Teacher Pensions Blog

Dave Low is the Executive Director of the California School Employees Association and the Chairman of Californians for Retirement Security, a coalition of 24 unions including the California Teachers Association and the California Federation of Teachers. Low has been a leading advocate for the state’s public pension plans and actively pushed back against a proposed statewide ballot initiative that would have changed California’s constitution to allow state and city governments to make prospective changes to retiree benefits.

To better understand the issues around California’s pension plans, I spoke with Mr. Low. The following interview has been edited for clarity and length.

Chad Aldeman: California's pensions are significantly under-funded. As of June 30, 2012, the California State Teachers’ Retirement System (CalSTRS) was only 67 percent funded and had liabilities that were almost $71 billion more than its assets. CalPERS, the California Public Employees’ Retirement System, was underfunded by $76 billion. Can you talk about how we got here?

Dave Low: First of all the term “severely underfunded” is probably not very accurate. CalSTRs at 67 percent is underfunded, but in terms of actuarial analysis, a funded plan would be a plan that’s between 80 and 100 percent funded. So to say that all plans are severely underfunded is not completely accurate.

The main reason that we got here is because of the economic downturn and the abuse and fraud that went on on Wall Street that ended up sapping money from everyone’s pension plans as well as everyone’s 401(k)’s. During that crisis, plans lost approximately 30 to 40 percent of their assets which is a devastating hit. Individuals lost that amount or even more in their defined-contribution plans. So prior to the economic downtown, CalSTRS and CalPERS and most of the pension plans were more than 100 percent funded.

Aldeman: How do we unwind today’s under-funding problem? I know that both the large California state pension plans had a pretty good year of investment returns last year and exceeded their targets. Can we grow our way out of this problem? Are we likely to get back to 100 percent funding in the near future or anytime soon?

Low: I don’t think we’re going to get there anywhere in the near future, but I don’t know what might happen in the long-term. If you look at the past, in 1980, CalPERS, CalSTRS, and most of the California funds were at a funded status of 50 to 55 percent. Then over the next 20-25 years, they achieved a super-funded status at over 100 percent. So it’s possible to get back to 100 percent or greater over time, but I don’t think anyone would say that that’s going to happen over the short-term. It’s just not the way it works. Unless they put their money on red in Vegas and won.

Aldeman: Do you think changes need to be made to the existing plans, or do you think that prudent funding and more consistent investment returns will return them back to solid funding?

Low: Well, the legislature has already made changes to the plans. This past couple of years ago there have been changes to all plans in California. I don’t see any other dramatic changes that need to be made going forward.

Essentially, CalSTRS is in the situation they are in primarily because of under-funding, in addition to the fact that they lost so much money in the economic downturn and the debacle on Wall Street. They don’t have the legal authority to increase the rates on a year-to-year basis. So they are on a fixed-funded status and the legislature is working on that. I think it’s going to require several things to get CalSTRS back on track: legislatively, they probably need to increase the amount of money going into the fund. Then they also have to meet their mark in terms of their investments over time.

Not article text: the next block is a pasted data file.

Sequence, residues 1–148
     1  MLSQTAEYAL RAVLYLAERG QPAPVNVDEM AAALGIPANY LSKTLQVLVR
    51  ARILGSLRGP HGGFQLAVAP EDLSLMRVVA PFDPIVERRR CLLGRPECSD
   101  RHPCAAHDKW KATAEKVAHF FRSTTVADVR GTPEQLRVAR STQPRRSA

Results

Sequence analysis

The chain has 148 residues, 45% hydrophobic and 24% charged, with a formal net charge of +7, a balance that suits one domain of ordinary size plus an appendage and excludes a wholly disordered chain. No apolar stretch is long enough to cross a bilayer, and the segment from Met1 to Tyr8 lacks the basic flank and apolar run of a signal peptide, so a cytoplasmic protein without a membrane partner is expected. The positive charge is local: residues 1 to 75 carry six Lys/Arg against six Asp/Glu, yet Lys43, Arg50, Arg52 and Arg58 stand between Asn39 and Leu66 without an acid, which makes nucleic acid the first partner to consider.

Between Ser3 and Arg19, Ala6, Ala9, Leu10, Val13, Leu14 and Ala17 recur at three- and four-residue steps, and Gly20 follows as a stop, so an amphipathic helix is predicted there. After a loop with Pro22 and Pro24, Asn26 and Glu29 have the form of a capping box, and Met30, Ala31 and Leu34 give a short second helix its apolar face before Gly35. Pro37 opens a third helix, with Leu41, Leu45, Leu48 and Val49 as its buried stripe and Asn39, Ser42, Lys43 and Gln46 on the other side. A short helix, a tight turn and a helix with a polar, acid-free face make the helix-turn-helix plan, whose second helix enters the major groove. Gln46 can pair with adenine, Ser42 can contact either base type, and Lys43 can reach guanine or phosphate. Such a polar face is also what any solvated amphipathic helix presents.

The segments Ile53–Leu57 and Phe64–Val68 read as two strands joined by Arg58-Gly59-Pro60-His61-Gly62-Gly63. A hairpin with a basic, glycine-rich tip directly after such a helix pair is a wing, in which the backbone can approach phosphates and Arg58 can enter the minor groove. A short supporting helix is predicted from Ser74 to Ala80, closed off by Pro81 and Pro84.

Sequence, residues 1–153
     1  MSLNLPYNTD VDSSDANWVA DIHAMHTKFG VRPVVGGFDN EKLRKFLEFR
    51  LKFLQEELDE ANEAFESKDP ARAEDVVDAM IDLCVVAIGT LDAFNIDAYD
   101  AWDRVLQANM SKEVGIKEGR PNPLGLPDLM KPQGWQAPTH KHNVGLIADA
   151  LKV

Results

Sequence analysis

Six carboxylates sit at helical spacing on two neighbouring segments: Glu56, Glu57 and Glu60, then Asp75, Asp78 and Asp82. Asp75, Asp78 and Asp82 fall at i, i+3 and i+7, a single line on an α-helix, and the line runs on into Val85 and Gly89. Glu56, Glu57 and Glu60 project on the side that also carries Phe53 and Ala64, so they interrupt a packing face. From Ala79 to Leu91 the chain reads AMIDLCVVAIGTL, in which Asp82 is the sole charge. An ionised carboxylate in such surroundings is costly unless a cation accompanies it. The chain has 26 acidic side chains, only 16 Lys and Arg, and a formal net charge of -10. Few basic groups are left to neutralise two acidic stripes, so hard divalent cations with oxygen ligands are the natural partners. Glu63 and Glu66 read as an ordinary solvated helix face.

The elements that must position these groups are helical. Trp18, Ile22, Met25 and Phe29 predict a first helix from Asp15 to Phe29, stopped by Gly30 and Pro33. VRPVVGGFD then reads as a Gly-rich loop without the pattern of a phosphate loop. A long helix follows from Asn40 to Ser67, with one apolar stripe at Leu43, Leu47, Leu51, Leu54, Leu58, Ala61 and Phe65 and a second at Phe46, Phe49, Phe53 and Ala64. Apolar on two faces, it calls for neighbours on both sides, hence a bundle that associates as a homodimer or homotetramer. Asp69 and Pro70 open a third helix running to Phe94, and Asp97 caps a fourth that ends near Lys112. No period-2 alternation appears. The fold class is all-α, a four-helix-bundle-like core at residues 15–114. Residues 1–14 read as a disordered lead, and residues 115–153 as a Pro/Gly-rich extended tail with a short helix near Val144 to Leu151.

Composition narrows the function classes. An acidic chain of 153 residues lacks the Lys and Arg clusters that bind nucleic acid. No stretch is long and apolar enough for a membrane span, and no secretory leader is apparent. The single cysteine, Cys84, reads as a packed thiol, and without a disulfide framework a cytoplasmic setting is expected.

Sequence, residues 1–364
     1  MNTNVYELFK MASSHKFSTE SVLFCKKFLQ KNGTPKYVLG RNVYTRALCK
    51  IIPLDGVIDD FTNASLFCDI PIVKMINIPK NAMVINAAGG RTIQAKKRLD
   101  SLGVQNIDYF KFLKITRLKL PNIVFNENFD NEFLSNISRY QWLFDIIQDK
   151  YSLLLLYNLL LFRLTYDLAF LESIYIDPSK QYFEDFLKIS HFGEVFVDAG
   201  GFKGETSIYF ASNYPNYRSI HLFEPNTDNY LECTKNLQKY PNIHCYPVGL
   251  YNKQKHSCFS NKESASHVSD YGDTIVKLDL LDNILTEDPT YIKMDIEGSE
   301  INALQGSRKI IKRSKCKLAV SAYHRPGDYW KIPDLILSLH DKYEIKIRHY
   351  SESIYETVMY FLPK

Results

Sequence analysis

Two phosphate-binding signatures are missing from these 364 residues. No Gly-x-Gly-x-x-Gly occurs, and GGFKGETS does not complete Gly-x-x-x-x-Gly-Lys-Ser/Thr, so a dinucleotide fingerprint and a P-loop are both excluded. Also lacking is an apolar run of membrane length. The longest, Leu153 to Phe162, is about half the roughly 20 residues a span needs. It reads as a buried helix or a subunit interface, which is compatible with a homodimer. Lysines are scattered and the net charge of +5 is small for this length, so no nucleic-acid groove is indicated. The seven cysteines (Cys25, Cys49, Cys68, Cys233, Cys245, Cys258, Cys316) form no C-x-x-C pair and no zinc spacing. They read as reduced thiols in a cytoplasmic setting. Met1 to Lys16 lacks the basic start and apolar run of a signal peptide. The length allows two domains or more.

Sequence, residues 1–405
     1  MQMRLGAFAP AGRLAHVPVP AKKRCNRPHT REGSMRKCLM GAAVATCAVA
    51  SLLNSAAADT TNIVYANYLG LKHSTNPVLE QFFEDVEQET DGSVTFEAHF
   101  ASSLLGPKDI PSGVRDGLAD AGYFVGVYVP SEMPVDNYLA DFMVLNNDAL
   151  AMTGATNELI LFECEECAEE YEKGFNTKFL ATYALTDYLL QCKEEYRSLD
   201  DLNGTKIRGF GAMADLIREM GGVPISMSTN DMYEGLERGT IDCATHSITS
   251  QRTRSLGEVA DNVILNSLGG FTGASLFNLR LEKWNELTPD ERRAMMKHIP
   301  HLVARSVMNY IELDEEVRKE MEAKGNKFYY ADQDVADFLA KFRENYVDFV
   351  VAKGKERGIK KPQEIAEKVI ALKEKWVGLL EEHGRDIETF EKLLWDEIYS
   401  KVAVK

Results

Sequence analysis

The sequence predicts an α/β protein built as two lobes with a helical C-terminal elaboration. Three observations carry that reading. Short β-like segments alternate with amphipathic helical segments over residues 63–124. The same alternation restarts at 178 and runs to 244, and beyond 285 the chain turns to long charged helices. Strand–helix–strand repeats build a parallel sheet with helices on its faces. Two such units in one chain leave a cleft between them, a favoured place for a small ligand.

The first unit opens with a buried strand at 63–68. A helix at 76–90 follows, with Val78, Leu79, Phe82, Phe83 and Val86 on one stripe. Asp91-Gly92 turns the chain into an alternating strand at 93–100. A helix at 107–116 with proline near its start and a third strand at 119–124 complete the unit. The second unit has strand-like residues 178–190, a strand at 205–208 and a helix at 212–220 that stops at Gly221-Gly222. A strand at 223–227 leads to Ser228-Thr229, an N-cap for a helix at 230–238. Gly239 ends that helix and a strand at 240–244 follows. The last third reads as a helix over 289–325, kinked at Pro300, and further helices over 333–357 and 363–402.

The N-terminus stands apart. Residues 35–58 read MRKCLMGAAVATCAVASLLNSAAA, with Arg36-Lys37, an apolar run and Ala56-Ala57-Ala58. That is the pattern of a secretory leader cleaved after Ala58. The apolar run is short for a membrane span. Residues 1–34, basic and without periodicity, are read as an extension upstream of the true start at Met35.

Aldeman: What about the legal protection known as the “California Rule”, which has been the subject of an attempted statewide ballot initiative recently? It grants employees the right to accrue future pension benefits that they haven't worked for yet as if a contract exists going forward. In practice, this might mean that an employer who wants to cut costs on retirement benefits must do so solely for new employees. Is this fair to new workers, or is this just a consequence of preserving that contract between existing employees and employers?

Low: I think it’s fair to the workers that are there, and I think that if employers determine that pensions need to be cut for new workers, new workers know what they’re getting when they come in. So the law is fair to both sides.

Aldeman: Your organization works to protect the retirement security of a diverse group of employees--firefighters, police officers, teachers, school employees, and other public employees. Do you think all of these workers should have the same type of retirement system, or do different groups of workers need different types of benefits?

Low: I think that yes, it doesn’t make sense for everyone to have the same thing because there are different types of jobs and different types of systems. For example police officers, firefighters, and teachers, generally are not in Social Security, so their formulas are reflective of that difference. Most other employees are in Social Security. I think the best thing to do is to have pension systems that are tailored to the needs of the employees and the ability of the employer to recruit and retain qualified people.

Aldeman: It’s not commonly known that all public-sector workers are not in Social Security. In our recent paper, we looked at California’s turnover assumptions and estimated that one-third of teachers won’t reach California’s 5-year vesting requirement and thus won’t qualify for a pension. These teachers won’t receive Social Security either. What steps if any should be taken to ensure their retirement security?